Although not certain, it's likely that Granger, a Texas Republican, would take over the chairmanship of the House Appropriations subcommittee for State Department and foreign operations if the GOP wins the House. That would give her a large role in writing significant sections of the State Department's funding bill. Although she supported the bill put forth this year by current chairwoman Nita Lowey (D-N.Y.), she criticized the increases for the foreign-ops budget, saying, "We also face the continued concern in our own country about our economy and the devastating effects of skyrocketing deficits and debt." She's a strong supporter of a balanced budget amendment, which doesn't bode well for foreign-aid funding in this dismal fiscal environment.

Granger also serves on the defense subcommittee, placing her at the intersection of the debate over how to balance the national security budget and shift resources from defense to diplomacy and development. Here she seems to favor the Pentagon, saying in June, "I want to be sure that we aren't increasing foreign aid at the expense of our troops." Her lack of support of international organizations was criticized by the group Citizens for Global Solutions, which gave her an "F" in its 2007 to 2009 rating. Granger is also on board with efforts to eliminate aid to countries that are not performing on internal reform, as she explained when expressing opposition to funding of the Senegalese government through the State Department's Millennium Challenge Corporation. "We can't just give out money and say we will put up with whatever you are doing," she said.

8. Thad Cochran

As the lead Republican on the Senate Appropriations Committee, Cochran (R-Miss.), along with Senate Minority Leader Mitch McConnell (R-Ky.), will be key in choosing five new members of the State Department and foreign operations subcommittee. That's right, all the Republican members of the subcommittee except for McConnell are leaving the Senate: Judd Gregg (R-N.H.), Bob Bennett (R-Utah), Kit Bond (R-Mo.), Sam Brownback (R-Kan.), and George Voinovich (R-Ohio).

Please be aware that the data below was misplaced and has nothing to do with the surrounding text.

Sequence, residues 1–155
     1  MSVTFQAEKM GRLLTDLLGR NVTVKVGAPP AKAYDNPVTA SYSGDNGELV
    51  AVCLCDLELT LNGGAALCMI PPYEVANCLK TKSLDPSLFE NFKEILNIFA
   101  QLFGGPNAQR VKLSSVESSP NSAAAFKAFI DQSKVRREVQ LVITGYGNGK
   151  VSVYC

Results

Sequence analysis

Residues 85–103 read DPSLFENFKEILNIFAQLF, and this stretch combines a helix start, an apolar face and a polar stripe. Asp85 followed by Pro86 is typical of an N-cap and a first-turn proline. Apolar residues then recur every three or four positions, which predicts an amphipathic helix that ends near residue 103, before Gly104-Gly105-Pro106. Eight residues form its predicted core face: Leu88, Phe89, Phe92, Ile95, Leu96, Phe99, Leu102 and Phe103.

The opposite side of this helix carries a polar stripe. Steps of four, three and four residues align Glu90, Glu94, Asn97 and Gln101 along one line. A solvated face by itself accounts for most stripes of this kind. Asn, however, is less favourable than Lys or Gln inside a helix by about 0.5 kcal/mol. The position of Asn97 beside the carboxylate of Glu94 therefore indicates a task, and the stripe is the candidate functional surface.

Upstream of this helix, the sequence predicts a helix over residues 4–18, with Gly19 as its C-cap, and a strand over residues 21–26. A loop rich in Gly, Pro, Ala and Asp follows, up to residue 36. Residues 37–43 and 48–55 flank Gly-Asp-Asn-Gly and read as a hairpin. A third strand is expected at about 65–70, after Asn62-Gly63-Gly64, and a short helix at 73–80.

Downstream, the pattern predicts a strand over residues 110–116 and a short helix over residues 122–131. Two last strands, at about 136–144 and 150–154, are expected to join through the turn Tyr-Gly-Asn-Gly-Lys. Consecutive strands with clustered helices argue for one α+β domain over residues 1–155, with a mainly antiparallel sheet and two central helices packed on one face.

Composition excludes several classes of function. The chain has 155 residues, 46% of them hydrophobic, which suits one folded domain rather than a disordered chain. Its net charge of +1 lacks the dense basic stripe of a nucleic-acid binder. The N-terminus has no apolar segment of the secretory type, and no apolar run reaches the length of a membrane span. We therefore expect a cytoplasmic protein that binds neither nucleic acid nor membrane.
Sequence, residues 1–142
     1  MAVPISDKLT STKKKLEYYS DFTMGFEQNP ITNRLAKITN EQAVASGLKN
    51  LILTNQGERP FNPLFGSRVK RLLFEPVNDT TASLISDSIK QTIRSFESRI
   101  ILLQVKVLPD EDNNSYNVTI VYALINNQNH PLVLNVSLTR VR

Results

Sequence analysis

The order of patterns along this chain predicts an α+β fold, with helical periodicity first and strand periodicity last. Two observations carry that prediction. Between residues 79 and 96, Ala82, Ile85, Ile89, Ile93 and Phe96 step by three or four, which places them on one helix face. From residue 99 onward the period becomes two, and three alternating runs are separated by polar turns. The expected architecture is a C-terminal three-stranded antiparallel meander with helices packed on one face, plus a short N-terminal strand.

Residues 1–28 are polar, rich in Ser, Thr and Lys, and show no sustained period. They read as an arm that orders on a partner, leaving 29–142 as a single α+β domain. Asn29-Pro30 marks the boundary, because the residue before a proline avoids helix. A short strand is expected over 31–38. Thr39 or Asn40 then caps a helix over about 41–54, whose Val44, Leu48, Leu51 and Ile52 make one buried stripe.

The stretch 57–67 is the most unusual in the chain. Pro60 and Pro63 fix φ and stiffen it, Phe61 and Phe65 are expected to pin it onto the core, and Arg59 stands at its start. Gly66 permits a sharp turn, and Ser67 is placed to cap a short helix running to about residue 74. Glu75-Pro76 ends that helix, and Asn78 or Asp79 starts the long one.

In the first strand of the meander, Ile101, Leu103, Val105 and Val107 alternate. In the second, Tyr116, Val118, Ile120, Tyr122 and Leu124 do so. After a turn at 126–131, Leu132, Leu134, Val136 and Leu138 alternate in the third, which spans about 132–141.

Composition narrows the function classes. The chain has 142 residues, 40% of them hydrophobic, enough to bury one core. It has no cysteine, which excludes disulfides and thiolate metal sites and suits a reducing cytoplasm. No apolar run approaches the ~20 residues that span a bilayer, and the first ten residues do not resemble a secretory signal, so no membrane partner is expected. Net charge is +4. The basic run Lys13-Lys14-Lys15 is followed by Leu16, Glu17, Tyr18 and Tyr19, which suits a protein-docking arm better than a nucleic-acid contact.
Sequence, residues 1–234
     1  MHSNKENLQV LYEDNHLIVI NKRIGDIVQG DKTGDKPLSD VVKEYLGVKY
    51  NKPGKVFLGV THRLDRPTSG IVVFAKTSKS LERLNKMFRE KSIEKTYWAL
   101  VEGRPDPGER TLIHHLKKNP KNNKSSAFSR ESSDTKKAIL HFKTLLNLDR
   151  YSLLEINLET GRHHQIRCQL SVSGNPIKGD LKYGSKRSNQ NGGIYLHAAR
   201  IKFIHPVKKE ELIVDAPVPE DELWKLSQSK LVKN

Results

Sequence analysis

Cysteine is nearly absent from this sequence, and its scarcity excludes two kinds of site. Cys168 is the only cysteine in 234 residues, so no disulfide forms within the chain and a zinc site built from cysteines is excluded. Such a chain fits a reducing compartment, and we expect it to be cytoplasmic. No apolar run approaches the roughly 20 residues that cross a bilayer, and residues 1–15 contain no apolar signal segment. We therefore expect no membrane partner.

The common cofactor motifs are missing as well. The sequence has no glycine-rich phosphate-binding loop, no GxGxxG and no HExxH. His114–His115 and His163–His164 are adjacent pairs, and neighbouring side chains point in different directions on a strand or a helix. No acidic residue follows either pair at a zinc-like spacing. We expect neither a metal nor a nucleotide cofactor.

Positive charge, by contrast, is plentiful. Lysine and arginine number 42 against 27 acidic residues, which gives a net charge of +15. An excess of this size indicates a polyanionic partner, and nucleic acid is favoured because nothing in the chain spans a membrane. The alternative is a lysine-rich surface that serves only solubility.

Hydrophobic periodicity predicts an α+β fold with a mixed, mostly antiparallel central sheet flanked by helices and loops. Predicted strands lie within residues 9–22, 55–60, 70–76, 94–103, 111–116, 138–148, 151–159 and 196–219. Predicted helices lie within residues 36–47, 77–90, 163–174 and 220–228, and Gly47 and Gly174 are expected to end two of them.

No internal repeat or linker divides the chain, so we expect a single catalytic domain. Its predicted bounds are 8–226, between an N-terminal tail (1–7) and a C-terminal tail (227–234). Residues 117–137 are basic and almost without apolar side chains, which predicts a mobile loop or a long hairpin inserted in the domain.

There's no budget resolution for fiscal 2011 and there's no assurance that State and foreign ops funding will be completed during this congressional session, so Cochran and the new subcommittee members he chooses will be in the position to either defend or attack the version of the bill that's already on the table. Senate appropriators often sit on several subcommittees at once, meaning that their allegiance to any one budget is never assured. Moreover, the State and foreign ops budget is not one of the larger pots of money and has no real local constituency, making it harder to defend than others, such as interior, agriculture, or defense funding. New subcommittee members will have less experience with this funding so will be in a less advantageous position to defend it in the near term. And, after February, they will already face the job of vetting the administration's foreign-ops funding request for 2012, which is when big debates over foreign-aid funding, the civilian role in Iraq and Afghanistan, and the role of the U.S. government in international fora will all come to a head.